A viral fundraising campaign on Facebook has raised more than $13 million to help immigrant families that have been split up by the Justice Department’s zero-tolerance policy at the border.
California residents Charlotte and Dave Willner launched the campaign Saturday with an initial goal of raising $1,500 for the Refugee and Immigrant Center for Education and Legal Services (RAICES). However, the fundraiser quickly went viral with more than 350,000 individual donations.
Annie Ta, a spokesperson for the couple, told the Rivard Report more than $10,000 was coming in every minute for nearly five hours on Wednesday. The average donation has been around $38.
RAICES estimated a total of $14 million had been donated since June 16, which included the amount raised on Facebook and what the organization had received directly, said Katie Mullins, staff attorney with RAICES in San Antonio.
The minimum bond set for a single detained immigrant is $1,500, but fees could be upward of $5,000, and in certain instances, $10,000, Mullins said. She is one of about 50 attorneys working throughout the state providing free or low-cost legal help to immigrants and refugees.
Since April, more than 2,342 children have been separated from their parents after crossing the southern U.S. border, according to Department of Homeland Security figures obtained Friday by The Associated Press.
President Trump signed an executive order on Wednesday in response to mounting political pressure and national outcry, backing off his administration’s zero-tolerance policy. However, the need for funds and legal representation remained high for those detained.
The nonprofit RAICES plans to use the funds to hire more attorneys and fund its existing programs and services. Those services include the Family Reunification and Bond fund, which covers bonds to release parents, and the Legal Representation, Advocacy, and Education project, which works to provide universal legal representation for released unaccompanied minors in Texas.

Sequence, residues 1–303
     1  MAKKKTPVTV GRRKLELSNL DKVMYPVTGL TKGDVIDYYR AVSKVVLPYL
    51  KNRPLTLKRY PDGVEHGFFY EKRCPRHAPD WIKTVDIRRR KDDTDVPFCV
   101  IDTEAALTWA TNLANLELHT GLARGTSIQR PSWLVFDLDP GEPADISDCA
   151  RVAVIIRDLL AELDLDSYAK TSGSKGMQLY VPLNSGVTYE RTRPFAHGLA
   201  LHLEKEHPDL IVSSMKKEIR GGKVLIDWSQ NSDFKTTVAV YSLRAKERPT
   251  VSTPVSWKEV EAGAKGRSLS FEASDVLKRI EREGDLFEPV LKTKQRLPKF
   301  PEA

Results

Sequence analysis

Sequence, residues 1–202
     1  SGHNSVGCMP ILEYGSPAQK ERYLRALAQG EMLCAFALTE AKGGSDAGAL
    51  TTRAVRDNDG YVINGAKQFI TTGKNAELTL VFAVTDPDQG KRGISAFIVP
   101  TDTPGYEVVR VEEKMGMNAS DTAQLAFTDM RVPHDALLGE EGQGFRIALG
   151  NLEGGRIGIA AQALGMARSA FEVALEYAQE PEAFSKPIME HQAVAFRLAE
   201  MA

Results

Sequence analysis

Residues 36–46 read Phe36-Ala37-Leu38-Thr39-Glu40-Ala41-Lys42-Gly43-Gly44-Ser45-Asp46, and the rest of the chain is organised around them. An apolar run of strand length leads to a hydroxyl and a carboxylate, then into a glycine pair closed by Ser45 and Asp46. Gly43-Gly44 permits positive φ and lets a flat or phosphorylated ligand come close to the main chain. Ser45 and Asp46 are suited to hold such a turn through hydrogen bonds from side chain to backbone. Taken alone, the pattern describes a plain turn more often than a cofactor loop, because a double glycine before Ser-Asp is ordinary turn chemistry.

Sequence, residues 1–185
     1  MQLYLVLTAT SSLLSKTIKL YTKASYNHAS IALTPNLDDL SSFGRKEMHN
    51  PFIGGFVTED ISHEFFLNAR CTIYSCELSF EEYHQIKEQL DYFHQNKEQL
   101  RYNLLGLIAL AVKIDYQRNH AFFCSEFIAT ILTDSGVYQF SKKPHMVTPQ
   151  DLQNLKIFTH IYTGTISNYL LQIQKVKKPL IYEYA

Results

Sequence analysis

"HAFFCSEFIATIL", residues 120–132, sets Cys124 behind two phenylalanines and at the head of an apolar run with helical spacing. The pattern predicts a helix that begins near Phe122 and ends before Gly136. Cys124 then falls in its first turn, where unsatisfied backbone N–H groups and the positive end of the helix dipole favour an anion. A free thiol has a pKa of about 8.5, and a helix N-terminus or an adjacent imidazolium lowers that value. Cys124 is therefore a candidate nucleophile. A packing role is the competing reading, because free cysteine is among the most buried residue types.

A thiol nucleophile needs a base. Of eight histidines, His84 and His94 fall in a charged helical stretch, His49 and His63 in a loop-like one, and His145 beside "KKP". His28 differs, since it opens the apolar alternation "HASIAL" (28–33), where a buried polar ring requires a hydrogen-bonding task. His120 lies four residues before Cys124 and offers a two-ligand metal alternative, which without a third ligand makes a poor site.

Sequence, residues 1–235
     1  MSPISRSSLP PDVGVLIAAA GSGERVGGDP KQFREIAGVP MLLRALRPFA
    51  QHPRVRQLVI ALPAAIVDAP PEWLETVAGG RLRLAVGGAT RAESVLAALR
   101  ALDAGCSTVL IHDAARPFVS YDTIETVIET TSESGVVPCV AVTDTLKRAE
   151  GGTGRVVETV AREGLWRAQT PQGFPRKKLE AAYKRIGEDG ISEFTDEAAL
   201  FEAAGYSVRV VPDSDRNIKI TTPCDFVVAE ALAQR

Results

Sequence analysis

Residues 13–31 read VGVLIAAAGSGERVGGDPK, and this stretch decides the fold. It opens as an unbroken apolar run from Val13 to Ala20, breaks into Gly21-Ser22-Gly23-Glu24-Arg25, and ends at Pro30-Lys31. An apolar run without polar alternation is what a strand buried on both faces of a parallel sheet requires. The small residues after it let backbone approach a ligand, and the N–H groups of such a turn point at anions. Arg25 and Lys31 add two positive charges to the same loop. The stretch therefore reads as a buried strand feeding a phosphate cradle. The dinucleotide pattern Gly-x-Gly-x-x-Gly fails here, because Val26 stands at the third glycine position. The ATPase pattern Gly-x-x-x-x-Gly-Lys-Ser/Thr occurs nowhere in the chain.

In addition to funding legal services, RAICES is depositing money in commissary accounts for detainees so they can call family members and begin the process of tracking their children.
“The whole process is incredibly complex and confusing, and there are so many radical barriers to reunification” once a family is separated, Mullins said. “For some people, they have nowhere to turn [for] money in order to even make the initial phone call.”
In light of Trump’s executive order, RAICES announced Wednesday it also would use the donations to start a joint reunification fund where it would partner with other local organizations to ensure the money reach as many people as possible.
RAICES has reunited three families so far.
San Antonio Archbishop Gustavo García-Siller told the Rivard Report that families seeking refuge in the United States often are fleeing dangerous circumstances, and have come with nothing but their hope for a better life for their children.
“These people, their lives have been damaged in so many ways, we have to think about how we are going to help them heal,”García-Siller said. “The trauma that they are experiencing arriving in the U.S. after leaving horrific conditions affects minds, hearts, and emotions, and affects people for good.”
While a change in policy is welcome, García-Siller said, “human dignity at the center of this picture has been missing,” which can be remedied by sharing blessings.
These blessings, he said, include the funding RAICES has received to help reunite immigrant children with their families.
“What started out as a hope to help one person get reunited with their family has turned into a movement that will help countless people,” Ta said. “When we all come together in community efforts like this, we can find an antidote to the feelings of helplessness.”